In 1969 both the 412 and the related Moskvitch 408 were facelifted. These were notable for being the first Moskvitch models to feature square headlights and vertical rear lights. The 412 was also famous for its fast speed, tailfins and its triangular turn signal lamps. The facelifted 408 and 412 (as well as some 412-based pickup versions from IZH) are probably the only examples of cars having triangular turn signals at the back. Another notable (but not unique, since it was used in other Russian cars at the time) feature were the so-called side lamps, mounted on the C-pillars on some vehicles (something like the American "opera lights").
However, the cars looked somewhat old-fashioned in the mid 1970s and 1980s, because their design matches the design of Western automobiles from the 1960s and the early 1970s. Nevertheless, both the 408 and 412 are now considered old-timer classics and they deserve at least a small page in the history of the Russian automobile industry.
In 1975, the 412 was facelifted and renamed Moskvitch 2140; the 408 was renamed Moskvitch 2138. Both 2138 and 2140 later underwent a small facelift: A logo with the letters AZLK replaced the previous Moskvitch logo (which was also different from the one used on the 408 and 412). Some chromed elements on the grille became black and the front side mirrors were changed.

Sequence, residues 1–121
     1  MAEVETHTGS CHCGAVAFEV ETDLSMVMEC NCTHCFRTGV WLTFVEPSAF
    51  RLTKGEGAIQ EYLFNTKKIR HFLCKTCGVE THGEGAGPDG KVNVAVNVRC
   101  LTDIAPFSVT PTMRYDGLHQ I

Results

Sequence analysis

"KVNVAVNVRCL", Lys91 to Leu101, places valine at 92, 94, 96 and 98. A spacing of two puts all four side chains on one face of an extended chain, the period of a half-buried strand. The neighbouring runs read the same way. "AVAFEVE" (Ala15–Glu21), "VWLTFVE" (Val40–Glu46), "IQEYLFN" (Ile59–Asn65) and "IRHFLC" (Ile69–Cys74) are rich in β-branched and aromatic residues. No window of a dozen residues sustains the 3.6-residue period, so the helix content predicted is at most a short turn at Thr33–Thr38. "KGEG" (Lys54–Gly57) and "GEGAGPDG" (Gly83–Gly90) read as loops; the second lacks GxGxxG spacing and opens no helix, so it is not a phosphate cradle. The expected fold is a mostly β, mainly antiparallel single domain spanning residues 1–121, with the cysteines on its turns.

Production at the Moskvitch plant ended in 1986, but continued to be built by IZH into the 1990s, at Izhevsk.
The original 412 of 1967-69 had a chassis identical to that of the Moskvitch 408, which had been launched 3 years earlier in 1964. The only differences between 408 and 412 were the engines and the interior. This can be confusing, because there are no external differences between the two cars.
Here are the main differences between the Moskvitch 412 and the Moskvitch 408:
The differences between the 412 and the 408 chassis: